In Britain, filming has been authorized in the Supreme Court since its creation in 2009, and in some cases of the English and Welsh Court of Appeals since 2013. Some courts in Scotland, which have a separate legal system, have invited requests for TV some procedures. since 1992, although filming has been rare in practice.
Copies of English sentences and Welsh criminal cases are available online, but often have dozens of pages and are not easily accessible to the general public. Under the new legislation, television and social media producers would probably edit the comments that will soon be filmed, which can last dozens of minutes, to adapt to shorter formats on various platforms.
Major British broadcasters have pressed for years for the introduction of cameras in court, calling the ban shameful and the ridiculous dependence on court sketches. On Thursday they welcomed the proposed legislation, with BBC news and current affairs director Fran Unsworth, calling it “a momentous day for transparency in our justice system.”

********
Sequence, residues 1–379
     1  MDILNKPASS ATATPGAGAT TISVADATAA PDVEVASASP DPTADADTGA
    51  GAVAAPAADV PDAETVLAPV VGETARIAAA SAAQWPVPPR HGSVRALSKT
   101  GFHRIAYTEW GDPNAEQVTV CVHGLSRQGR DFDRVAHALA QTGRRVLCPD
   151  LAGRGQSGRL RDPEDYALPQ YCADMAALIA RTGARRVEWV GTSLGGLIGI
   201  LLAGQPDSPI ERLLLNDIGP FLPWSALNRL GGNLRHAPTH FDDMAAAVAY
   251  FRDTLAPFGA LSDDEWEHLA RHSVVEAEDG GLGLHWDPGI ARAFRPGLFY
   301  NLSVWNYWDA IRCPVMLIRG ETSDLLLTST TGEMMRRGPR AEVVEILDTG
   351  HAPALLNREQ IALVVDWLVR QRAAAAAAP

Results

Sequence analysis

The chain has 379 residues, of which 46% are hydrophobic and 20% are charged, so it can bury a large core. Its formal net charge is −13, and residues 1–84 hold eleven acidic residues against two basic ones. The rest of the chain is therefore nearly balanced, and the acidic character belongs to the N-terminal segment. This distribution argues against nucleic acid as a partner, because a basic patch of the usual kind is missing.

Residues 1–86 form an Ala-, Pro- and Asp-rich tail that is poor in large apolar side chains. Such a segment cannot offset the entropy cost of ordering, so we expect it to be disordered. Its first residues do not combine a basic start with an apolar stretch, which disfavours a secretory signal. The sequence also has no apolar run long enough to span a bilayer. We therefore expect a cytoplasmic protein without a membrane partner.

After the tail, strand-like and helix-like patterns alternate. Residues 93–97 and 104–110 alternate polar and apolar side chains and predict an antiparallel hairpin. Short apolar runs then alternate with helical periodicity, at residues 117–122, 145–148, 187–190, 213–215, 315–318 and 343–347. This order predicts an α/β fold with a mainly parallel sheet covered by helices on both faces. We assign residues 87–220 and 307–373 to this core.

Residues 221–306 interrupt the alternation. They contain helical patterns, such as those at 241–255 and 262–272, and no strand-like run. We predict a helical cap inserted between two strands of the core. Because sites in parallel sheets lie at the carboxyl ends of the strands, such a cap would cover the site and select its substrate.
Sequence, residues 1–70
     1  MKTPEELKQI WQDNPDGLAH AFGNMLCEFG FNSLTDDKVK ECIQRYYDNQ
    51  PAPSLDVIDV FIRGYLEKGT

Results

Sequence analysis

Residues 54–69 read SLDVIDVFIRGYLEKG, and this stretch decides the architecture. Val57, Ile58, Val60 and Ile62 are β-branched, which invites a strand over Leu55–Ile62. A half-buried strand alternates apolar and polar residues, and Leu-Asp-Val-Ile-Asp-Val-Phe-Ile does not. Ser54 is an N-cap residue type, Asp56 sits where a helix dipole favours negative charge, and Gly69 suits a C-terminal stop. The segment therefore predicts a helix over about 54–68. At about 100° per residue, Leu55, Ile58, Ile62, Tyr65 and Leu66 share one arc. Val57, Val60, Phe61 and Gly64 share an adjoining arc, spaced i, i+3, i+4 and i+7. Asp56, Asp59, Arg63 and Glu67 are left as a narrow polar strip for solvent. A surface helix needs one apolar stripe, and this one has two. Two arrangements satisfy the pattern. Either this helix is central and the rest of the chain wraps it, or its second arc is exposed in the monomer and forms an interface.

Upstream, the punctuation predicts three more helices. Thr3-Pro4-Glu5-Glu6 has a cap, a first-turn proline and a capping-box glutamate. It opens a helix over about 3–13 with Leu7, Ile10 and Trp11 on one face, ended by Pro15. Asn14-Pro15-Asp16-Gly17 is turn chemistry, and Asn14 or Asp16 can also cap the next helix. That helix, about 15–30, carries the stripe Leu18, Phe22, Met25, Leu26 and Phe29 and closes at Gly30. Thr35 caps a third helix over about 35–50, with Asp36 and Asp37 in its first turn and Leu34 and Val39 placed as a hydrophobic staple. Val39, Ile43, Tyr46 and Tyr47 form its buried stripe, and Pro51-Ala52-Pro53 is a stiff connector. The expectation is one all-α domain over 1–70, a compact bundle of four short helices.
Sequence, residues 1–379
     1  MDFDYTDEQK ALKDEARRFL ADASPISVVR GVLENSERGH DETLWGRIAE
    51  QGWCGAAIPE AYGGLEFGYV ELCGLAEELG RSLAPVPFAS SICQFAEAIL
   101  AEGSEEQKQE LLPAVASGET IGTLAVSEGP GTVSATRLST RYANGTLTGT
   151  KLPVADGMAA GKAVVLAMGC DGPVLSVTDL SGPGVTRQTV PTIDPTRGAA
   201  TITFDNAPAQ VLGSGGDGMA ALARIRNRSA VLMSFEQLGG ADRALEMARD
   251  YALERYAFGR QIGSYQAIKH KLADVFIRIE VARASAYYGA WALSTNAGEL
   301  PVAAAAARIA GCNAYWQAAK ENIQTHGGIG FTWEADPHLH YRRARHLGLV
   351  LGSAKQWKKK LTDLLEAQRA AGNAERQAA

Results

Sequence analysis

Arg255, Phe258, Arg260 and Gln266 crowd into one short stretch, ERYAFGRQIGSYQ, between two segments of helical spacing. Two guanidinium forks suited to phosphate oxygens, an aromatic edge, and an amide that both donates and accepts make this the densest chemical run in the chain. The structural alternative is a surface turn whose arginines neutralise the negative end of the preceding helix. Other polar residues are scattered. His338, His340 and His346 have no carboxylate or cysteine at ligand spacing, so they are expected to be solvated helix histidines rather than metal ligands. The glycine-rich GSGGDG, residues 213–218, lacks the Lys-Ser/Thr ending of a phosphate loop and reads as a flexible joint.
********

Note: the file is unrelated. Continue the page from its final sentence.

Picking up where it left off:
However, law experts have warned that the context could be overlooked if the comments are edited too much, and that judges could face threats if they become more public figures.
“If the public sees the faces of the judges in the living room on television and can identify them more easily, then, unfortunately, they are more likely to be personally attacked,” Amanda Pinto, president of the Bar Association, representing lawyers British, he told the BBC.
British commentators also wondered on Thursday if the introduction of cameras would turn the trials into a sensational drama, citing the 1995 trial of O.J. Simpson in Los Angeles, which attracted millions of live television viewers.
Buckland, the secretary of justice, said in an interview with British broadcaster TalkRadio that the filmed comments would not amount to entertainment, but information. He added that they would be available with a 10 second delay.
“The mission is to explain,” Buckland said.